• 1907, Jabez Spencer Balfour, My Prison Life, page 181:
        Some prisoners, indeed, are always up before the bell rings -- such was my practice -- they prefer to grope about in the dark to tossing about in the utter weariness of too much bed.
      • 1972, James Verney Cable, Principles of Medicine: An Integrated Textbook for Nurses:
        This condition is one of the dangers of "too much bed". The nurse should inspect the legs of each patient daily
    6. (figuratively) Marriage.
      • (Can we date this quote by Earl of Clarendon and provide title, author's full name, and other details?)
        George, the eldest son of his second bed.
    7. (figuratively, uncountable) Sexual activity.
      Too much bed, not enough rest.
  2. A place, or flat surface or layer, on which something else rests or is laid.
    The meats and cheeses lay on a bed of lettuce.
    1. The bottom of a body of water, such as an ocean, sea, lake, or river. [from later 16thc.]
      sea bed;  river bed;  lake bed;  There's a lot of trash on the bed of the river.
    2. An area where a large number of oysters, mussels, other sessile shellfish, or a large amount of seaweed is found.
      Oysters are farmed from their beds.
      • 1941, Emily Carr, Klee Wyck, Chapter 18, [1]
        I knew that there were kelp beds and reefs which could rip the bottoms from boats down in Skedans Bay.
    3. A garden plot.
      We added a new bush to our rose bed.
      • 1907, Robert William Chambers, chapter V, in The Younger Set, New York, N.Y.: D. Appleton & Company, OCLC 24962326:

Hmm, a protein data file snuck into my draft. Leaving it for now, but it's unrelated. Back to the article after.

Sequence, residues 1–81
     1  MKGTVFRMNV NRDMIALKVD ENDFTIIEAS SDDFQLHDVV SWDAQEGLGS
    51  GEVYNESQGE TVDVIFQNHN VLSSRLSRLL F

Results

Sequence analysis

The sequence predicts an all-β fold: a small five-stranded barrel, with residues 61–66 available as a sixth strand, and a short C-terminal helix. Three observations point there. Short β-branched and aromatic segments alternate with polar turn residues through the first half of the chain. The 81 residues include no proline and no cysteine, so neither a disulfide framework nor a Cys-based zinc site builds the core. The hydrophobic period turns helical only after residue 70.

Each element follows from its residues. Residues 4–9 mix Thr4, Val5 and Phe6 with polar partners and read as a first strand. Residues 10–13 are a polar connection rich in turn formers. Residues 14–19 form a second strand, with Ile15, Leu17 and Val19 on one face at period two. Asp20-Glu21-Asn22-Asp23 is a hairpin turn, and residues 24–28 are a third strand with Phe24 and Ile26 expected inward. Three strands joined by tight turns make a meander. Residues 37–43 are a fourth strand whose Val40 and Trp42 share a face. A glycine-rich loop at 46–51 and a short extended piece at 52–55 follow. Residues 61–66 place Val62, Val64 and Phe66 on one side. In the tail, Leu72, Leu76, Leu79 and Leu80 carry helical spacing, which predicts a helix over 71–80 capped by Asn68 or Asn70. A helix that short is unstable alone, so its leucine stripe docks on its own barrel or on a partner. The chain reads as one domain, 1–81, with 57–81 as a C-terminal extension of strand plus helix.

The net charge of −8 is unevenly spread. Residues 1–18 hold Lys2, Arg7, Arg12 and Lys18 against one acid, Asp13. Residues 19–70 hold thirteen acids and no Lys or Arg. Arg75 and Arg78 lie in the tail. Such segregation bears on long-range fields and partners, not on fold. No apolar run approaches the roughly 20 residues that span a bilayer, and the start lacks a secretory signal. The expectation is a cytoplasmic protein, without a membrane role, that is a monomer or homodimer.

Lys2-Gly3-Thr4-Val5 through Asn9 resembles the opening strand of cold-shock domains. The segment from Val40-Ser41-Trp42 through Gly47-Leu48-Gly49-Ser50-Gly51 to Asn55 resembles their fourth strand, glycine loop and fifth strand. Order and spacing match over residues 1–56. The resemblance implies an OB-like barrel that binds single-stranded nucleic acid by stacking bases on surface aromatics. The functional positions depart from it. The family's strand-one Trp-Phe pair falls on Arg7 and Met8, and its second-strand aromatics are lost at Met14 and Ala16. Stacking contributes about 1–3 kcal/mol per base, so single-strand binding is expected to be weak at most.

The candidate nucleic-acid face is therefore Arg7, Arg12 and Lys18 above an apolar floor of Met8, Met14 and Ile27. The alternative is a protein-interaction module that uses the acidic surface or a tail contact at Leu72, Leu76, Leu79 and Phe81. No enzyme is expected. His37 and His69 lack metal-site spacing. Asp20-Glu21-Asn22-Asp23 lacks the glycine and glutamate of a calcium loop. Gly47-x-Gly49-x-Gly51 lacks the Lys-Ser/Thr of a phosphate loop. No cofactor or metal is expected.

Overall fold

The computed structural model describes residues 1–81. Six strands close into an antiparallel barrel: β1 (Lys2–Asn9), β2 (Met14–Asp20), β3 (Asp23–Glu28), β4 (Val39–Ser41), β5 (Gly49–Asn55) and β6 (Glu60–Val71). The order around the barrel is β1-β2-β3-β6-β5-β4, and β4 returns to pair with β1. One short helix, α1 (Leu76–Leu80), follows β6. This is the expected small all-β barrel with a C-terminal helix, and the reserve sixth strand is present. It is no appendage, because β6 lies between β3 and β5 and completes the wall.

Breezes blowing from beds of iris quickened her breath with their perfume; she saw the tufted lilacs sway in the wind, and the streamers of mauve-tinted wistaria swinging, all a-glisten with golden bees; she saw a crimson cardinal winging through the foliage, and amorous tanagers flashing like scarlet flames athwart the pines.
    4. A foundation or supporting surface formed of a fluid.
      A bed of concrete makes a strong subsurface for an asphalt parking lot.
    5. The superficial earthwork, or ballast, of a railroad.
    6. The platform of a truck, trailer, railcar, or other vehicle that supports the load to be hauled.
      The parcels were loaded onto the truck bed before transportation.
    7. A shaped piece of timber to hold a cask clear of a ship's floor; a pallet.
    8. (printing, dated) The flat part of the press, on which the form is laid.
    9. (computing) The flat surface of a scanner on which a document is placed to be scanned.
    10. A piece of music, normally instrumental, over which a radio DJ talks.
    11. (darts) Any of the sections of a dartboard with a point value, delimited by a wire.
  3. (heading) A layer or surface.
    1. A deposit of ore, coal, etc.
    2. (geology) The smallest division of a geologic formation or stratigraphic rock series marked by well-defined divisional planes (bedding planes) separating it from layers above and below.
    3. (masonry) The horizontal surface of a building stone.
      the upper and lower beds
    4. (masonry) The lower surface of a brick, slate, or tile.
      (Can we find and add a quotation of Knight to this entry?)
    5. (masonry) A course of stone or brick in a wall.

Usage notes